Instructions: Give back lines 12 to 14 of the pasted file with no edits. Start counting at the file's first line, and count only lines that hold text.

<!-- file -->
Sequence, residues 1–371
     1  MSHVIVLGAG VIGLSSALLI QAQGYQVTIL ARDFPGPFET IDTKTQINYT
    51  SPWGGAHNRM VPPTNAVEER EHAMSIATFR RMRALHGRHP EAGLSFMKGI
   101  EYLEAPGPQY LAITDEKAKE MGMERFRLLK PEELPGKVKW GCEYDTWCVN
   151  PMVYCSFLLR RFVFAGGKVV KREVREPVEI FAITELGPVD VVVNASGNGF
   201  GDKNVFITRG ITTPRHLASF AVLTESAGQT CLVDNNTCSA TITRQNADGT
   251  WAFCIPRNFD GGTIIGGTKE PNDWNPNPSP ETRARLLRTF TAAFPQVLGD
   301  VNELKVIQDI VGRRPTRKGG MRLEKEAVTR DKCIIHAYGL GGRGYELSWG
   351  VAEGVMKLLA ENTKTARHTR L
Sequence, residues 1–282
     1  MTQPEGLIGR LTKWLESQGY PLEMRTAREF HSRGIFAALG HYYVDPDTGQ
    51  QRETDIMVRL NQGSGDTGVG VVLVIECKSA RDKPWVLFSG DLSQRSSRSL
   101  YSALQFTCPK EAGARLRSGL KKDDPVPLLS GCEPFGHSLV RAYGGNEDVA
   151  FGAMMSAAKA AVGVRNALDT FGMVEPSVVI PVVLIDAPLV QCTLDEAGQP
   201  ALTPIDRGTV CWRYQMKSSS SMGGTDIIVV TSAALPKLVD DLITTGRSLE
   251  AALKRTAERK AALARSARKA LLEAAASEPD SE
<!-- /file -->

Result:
    51  QRETDIMVRL NQGSGDTGVG VVLVIECKSA RDKPWVLFSG DLSQRSSRSL
   101  YSALQFTCPK EAGARLRSGL KKDDPVPLLS GCEPFGHSLV RAYGGNEDVA
   151  FGAMMSAAKA AVGVRNALDT FGMVEPSVVI PVVLIDAPLV QCTLDEAGQP